This posting is by Rabita Aziz, Program Associate at the IDSA/HIVMA Global Center
The new report by the Center for Strategic and International Studies (CSIS) Commission on Smart Global Health Policy calls for the U.S. to double contributions to better maternal and child health, to $2 billion a year. Such investments should be focused on a few core countries in Africa and South Asia where there is a clear need, where partner governments are willingly engaged, and where concrete health gains can be made along with increasing a country’s capacities.
The report demonstrates that maternal mortality is a profound problem by offering this data: a woman’s risk of dying in pregnancy or childbirth is 1 in 7,300 in the industrialized world, 1 in 120 in Asia, and 1 in 22 in sub-Saharan Africa. Although there are clear preventative solutions in many of these cases, accessing such measures is problematic.
The report states that improving maternal mortality requires an interlinked set of interventions that are supported and sustained over time, including heightened efforts to improve local transport. In addition to addressing maternal mortality, it is imperative that efforts to end child and infant mortality are undertaken. The report states that it is estimated that a package of 16 simple and cost-effective measures could prevent nearly 3 million of the estimated 4 million deaths in the first month of life. Additionally, expanding access to immunizations can save the lives of 2 million children under the age of five.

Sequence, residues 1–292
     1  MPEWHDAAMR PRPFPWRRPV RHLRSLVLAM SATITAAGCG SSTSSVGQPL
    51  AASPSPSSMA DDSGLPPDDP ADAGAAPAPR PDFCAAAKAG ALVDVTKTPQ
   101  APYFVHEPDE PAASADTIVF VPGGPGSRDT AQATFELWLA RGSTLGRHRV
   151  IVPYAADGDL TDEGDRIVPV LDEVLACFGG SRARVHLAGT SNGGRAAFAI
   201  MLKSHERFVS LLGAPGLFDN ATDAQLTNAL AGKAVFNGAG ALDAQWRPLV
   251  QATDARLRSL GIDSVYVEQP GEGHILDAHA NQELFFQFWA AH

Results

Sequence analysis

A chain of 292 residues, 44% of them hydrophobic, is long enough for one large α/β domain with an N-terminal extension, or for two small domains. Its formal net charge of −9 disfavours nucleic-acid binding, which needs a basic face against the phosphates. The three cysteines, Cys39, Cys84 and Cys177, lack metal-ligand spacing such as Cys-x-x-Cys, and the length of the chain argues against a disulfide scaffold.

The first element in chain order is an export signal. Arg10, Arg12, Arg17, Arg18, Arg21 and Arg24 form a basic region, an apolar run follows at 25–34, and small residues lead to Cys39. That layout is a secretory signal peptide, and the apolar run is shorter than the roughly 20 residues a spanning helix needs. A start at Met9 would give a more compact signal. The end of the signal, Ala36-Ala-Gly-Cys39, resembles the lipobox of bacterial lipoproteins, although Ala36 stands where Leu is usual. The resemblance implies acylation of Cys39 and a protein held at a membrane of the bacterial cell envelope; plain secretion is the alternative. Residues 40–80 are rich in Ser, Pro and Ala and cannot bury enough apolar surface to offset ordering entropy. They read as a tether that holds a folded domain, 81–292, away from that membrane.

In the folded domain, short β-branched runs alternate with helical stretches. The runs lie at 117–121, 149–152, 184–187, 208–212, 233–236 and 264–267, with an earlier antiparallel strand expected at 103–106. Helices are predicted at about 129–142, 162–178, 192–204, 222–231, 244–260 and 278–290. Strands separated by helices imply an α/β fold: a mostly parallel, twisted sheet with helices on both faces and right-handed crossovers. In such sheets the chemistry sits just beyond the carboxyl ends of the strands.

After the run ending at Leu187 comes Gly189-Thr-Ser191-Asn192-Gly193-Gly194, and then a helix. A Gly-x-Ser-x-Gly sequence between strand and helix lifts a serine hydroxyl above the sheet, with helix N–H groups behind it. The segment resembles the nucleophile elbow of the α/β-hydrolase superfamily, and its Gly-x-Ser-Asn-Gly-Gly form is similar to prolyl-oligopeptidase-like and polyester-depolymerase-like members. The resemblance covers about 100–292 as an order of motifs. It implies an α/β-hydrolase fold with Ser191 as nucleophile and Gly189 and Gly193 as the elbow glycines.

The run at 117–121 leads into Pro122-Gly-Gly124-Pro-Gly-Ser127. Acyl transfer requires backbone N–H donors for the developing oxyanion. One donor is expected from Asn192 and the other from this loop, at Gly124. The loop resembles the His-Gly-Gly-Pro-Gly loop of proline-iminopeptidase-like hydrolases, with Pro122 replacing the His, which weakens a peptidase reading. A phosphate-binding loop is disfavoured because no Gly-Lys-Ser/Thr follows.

Although the report clearly states that maintaining America’s commitment to fighting against HIV/AIDS is one element in a global health strategy, it fails to integrate this commitment within the framework of strengthening maternal and child health.
Globally, HIV/AIDS is the leading cause of death among women of reproductive age. When half of the 31.3 million people living with HIV worldwide are women, and 98 percent of them reside in developing countries, the importance of envisioning HIV/AIDS as a maternal and child health issue is clear. Integrating HIV/AIDS efforts within efforts to improve maternal and child health, and scaling them up, is key to a rights-based approach to health.
Among pregnant women in Johannesburg, South Africa’s most populous city, HIV is the main cause of death, according to a five-year study of maternal mortality at one of the city’s largest public hospitals
It is also important to recognize that HIV-negative children born to HIV-positive mothers still face high mortality risks as long as their mothers are not receiving treatment. A Ugandan study found that not only is there a 95% reduction in mortality among HIV infected adults after 16 weeks of antiretroviral treatment, but there is an 81% reduction in mortality in their uninfected children younger than 10, and an estimated 93% reduction in orphan hood.
Unfortunately, there is no mention in the report of undertaking initiatives to reduce the prevalence of HIV/AIDS among women and ensure access to treatment as a key maternal health strategy, even though it is clear that taking such measures will greatly strengthen families and communities. Prevention of mother to child transmission of HIV is imperative, as well as ensuring access to ongoing treatment for the mother.
Mermin et al (2008) Mortality in HIV-infected Ugandan adults receiving antiretroviral treatment and survival of their HIV-uninfected children: a prospective cohort study Lancet 371: 752-759.
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